REVIEW: Leamington Music Festival

Takács String Quartet

Clive Peacock reviews Leamington Music Festival, Takacs Quartet, Royal Pump Room, 9th and 10th May

What a happy coincidence! What chance the long-awaited visit by the Takács String Quartet would continue the ornithological theme of the first part of this year’s Festival? Their opening offering was, conveniently, Haydn’s ‘The Bird’ Quartet in C Op 33 N 3! Haydn’s fondness for giving his works nicknames is highly appropriate for this work – the chirping of the birds is part of a magical opening; the chirping ‘crushed-in’ notes continue to permeate that first movement.

This bright opening work developed into more challenging activity with Shostakovich’s Quartet No 11 in F minor Op 122, a work of seven committed movements, each with its own character, with the memory of his firm friend Shirinsky, a founder member of the Beethoven Quartet in mind. Most impressive is Edward Dusinberre’s leadership and his brilliant playing of the many violin solos of the étude, before handing the reins for the humoresque to Harumi Rhodes playing second violin. Given only two notes to play has its challenges but is designed to portray Shirinsky’s droll sense of humour!

This first of two concerts came alive with Beethoven’s ‘Razumovsky’ Quartet in C Op 59 No 3, one of the ‘middle’ quartets full of delightful pizzicato playing by cellist, András Fejér. Listening carefully to one another is a distinguishing feature of Takács, and it shows, as the quartet builds to one of Beethoven’s great finales.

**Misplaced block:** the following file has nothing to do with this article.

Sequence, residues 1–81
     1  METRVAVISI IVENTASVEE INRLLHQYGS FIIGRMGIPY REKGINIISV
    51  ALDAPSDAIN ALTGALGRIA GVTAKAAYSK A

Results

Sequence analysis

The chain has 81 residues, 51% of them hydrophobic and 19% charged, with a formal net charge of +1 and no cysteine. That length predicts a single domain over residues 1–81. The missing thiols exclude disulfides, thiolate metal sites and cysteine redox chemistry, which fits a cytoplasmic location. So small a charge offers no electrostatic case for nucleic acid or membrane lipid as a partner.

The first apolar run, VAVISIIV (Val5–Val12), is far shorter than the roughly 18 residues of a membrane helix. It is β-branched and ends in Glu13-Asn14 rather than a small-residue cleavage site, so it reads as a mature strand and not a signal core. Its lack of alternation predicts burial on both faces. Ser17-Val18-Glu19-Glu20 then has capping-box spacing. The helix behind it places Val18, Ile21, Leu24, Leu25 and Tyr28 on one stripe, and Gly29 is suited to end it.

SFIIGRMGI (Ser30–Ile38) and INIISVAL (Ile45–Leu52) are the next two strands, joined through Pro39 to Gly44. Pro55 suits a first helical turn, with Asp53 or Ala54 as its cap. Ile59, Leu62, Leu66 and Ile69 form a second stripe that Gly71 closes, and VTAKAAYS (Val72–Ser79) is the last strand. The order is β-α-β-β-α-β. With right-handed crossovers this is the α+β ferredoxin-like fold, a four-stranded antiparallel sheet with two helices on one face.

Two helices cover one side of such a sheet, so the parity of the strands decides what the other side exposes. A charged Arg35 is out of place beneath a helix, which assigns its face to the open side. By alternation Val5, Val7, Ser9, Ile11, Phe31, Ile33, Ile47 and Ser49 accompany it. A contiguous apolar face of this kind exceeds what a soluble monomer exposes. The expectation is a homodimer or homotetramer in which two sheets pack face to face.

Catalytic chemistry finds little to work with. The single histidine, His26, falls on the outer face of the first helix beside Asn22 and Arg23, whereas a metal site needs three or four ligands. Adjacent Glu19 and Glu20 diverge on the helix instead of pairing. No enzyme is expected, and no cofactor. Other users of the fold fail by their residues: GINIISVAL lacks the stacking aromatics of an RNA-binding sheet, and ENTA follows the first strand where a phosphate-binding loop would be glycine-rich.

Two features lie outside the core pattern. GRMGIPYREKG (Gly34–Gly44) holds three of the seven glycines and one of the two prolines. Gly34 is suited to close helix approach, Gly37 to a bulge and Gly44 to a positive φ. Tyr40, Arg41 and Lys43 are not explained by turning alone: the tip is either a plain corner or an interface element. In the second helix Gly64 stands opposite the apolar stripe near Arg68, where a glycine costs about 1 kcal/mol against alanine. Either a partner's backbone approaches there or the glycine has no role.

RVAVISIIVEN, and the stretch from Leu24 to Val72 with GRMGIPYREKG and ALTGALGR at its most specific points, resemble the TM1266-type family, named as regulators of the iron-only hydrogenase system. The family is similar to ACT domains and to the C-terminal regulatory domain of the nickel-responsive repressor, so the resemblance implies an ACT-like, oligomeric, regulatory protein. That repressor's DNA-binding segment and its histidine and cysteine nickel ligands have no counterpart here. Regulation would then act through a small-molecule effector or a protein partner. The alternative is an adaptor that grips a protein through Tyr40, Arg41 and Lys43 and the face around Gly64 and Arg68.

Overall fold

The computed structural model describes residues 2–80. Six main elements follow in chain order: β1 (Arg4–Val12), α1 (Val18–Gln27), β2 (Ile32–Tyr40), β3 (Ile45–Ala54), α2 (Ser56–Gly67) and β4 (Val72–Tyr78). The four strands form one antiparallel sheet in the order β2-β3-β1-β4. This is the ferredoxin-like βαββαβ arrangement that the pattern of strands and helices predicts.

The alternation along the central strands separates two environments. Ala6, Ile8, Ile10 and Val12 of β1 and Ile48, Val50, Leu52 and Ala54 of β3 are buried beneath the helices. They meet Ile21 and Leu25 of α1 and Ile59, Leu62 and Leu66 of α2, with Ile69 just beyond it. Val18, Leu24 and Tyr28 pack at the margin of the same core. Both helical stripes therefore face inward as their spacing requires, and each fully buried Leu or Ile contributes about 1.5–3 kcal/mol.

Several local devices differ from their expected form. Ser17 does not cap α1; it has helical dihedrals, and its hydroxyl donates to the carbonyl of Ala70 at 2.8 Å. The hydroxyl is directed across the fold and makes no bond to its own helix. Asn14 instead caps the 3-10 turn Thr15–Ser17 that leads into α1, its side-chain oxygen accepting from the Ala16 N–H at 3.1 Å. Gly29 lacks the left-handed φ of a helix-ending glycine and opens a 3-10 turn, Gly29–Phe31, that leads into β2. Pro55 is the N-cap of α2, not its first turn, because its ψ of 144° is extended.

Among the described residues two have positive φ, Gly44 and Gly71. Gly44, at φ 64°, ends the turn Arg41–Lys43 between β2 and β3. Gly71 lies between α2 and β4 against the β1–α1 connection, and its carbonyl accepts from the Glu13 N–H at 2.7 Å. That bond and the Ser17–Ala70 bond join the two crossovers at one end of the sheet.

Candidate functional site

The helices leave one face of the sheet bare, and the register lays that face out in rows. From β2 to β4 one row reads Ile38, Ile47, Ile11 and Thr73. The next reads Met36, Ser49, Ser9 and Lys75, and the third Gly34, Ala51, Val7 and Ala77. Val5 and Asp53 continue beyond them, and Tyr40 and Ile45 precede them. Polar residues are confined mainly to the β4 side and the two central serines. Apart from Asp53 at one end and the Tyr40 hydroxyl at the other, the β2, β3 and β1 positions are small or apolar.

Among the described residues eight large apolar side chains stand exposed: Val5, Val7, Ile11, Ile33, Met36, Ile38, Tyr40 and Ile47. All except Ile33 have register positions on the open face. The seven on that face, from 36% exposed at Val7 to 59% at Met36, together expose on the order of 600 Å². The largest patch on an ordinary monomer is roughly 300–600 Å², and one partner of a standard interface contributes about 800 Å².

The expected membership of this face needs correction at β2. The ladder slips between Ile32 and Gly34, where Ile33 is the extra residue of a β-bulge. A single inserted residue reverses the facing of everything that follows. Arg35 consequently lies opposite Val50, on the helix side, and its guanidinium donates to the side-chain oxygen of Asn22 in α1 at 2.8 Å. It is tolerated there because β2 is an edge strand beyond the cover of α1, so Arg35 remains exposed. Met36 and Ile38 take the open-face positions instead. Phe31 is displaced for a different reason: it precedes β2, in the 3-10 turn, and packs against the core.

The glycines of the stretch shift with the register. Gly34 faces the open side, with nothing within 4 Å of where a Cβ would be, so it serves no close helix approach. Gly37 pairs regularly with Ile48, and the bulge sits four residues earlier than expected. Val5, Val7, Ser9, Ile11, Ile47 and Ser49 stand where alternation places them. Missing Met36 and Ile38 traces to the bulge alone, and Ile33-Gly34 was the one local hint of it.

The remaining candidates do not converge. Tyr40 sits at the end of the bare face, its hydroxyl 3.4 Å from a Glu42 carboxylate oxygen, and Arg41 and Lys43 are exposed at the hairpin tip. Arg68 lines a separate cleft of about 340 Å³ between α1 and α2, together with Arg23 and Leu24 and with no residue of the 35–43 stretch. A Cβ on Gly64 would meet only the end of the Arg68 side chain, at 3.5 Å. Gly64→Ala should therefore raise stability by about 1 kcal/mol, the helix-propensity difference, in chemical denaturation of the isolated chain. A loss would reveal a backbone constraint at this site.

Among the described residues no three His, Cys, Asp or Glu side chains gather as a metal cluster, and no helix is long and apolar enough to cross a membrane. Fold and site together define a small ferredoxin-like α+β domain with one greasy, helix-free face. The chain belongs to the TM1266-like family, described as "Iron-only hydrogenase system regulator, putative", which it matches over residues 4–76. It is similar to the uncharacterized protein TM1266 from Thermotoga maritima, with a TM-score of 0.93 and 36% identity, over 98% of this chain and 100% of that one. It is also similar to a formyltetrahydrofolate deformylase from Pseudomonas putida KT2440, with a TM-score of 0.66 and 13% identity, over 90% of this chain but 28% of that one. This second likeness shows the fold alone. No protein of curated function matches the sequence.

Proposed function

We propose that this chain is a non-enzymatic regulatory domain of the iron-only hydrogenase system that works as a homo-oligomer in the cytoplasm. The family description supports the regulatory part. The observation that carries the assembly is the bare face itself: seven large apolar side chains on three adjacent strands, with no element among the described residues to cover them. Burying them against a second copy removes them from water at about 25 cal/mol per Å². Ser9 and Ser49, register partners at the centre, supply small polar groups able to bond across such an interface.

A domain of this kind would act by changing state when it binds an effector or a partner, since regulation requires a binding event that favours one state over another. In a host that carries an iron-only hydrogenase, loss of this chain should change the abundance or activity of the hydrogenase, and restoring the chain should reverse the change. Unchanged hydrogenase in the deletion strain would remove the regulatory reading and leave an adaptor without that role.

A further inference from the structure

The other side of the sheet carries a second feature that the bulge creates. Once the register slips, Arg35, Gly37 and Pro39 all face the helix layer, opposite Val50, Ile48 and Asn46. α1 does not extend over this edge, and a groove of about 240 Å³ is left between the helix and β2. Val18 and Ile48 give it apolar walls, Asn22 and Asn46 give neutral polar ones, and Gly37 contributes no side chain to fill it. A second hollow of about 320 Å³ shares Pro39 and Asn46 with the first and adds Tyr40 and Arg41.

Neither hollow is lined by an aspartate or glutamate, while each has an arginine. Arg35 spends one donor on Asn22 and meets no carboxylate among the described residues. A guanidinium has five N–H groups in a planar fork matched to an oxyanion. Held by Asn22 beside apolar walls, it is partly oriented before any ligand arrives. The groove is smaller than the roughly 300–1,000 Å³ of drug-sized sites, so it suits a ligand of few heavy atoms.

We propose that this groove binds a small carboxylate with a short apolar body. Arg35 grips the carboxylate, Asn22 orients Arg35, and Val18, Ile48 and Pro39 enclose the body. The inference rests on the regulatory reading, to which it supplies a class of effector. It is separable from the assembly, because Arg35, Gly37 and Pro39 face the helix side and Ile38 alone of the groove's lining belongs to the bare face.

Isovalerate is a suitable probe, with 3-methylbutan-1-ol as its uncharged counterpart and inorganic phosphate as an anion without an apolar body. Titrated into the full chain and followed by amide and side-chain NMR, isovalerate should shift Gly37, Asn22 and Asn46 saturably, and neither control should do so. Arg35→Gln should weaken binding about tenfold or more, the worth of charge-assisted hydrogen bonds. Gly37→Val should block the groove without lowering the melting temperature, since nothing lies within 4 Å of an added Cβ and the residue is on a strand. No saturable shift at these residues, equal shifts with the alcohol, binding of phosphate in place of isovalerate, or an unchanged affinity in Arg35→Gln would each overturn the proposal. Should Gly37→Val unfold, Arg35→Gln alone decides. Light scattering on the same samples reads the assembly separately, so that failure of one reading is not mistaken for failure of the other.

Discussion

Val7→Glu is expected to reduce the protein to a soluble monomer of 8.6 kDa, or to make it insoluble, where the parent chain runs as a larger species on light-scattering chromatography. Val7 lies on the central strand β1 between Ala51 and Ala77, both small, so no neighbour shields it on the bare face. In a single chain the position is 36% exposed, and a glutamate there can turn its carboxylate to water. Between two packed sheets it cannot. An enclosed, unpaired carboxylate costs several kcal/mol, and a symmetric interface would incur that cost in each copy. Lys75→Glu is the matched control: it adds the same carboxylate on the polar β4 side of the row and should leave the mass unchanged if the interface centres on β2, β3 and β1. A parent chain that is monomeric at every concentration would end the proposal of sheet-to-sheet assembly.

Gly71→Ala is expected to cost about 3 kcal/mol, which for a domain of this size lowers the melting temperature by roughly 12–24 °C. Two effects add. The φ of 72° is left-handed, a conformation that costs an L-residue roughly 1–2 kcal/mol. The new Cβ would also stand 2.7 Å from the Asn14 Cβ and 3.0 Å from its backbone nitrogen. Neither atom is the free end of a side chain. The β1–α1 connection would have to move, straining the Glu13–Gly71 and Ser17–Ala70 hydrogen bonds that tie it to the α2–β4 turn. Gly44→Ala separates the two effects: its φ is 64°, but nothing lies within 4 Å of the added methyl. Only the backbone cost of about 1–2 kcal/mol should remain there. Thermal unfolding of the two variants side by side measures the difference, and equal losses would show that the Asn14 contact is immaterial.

Haydn again opened Takács second concert, his Quartet in G Op 76 No 1. This was a highly polished performance, a livelier performance than the previous evening’s ‘The Bird’. Bartok’s Quartet No 6 was well received. And finally, the delivery of Beethoven’s Quartet in F Op 135 was head and shoulders above anything that preceded it. His ‘late’ quartets stand out; 135 being his very last string quartet.

Without doubt, the miraculously beautiful slow movement in the glorious D flat major key was simply wonderfully played. A huge audience response was evidence of the very pleasing performance as a whole, bringing to an end an exceptional week – a treat for the regulars and drawing in quite a few newcomers attracted by the presence of such a successful international team. This last work is a questioning quartet, questioning at the very beginning and returning in the last chirpy movement of a fairly happy quartet. That is the closest to an ornithological link this time!